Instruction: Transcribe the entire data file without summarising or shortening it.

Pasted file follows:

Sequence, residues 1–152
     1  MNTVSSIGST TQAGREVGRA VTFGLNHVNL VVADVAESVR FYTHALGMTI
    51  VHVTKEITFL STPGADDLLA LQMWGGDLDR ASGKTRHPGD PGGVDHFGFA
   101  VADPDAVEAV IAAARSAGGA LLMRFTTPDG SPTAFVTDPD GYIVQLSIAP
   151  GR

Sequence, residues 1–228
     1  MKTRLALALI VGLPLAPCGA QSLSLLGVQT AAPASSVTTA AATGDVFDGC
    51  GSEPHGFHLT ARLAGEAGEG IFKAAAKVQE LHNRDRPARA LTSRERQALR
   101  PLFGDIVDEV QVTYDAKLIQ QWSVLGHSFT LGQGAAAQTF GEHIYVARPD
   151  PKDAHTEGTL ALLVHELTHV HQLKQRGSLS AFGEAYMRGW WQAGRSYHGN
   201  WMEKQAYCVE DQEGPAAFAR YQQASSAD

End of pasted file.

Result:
Sequence, residues 1–152
     1  MNTVSSIGST TQAGREVGRA VTFGLNHVNL VVADVAESVR FYTHALGMTI
    51  VHVTKEITFL STPGADDLLA LQMWGGDLDR ASGKTRHPGD PGGVDHFGFA
   101  VADPDAVEAV IAAARSAGGA LLMRFTTPDG SPTAFVTDPD GYIVQLSIAP
   151  GR

Sequence, residues 1–228
     1  MKTRLALALI VGLPLAPCGA QSLSLLGVQT AAPASSVTTA AATGDVFDGC
    51  GSEPHGFHLT ARLAGEAGEG IFKAAAKVQE LHNRDRPARA LTSRERQALR
   101  PLFGDIVDEV QVTYDAKLIQ QWSVLGHSFT LGQGAAAQTF GEHIYVARPD
   151  PKDAHTEGTL ALLVHELTHV HQLKQRGSLS AFGEAYMRGW WQAGRSYHGN
   201  WMEKQAYCVE DQEGPAAFAR YQQASSAD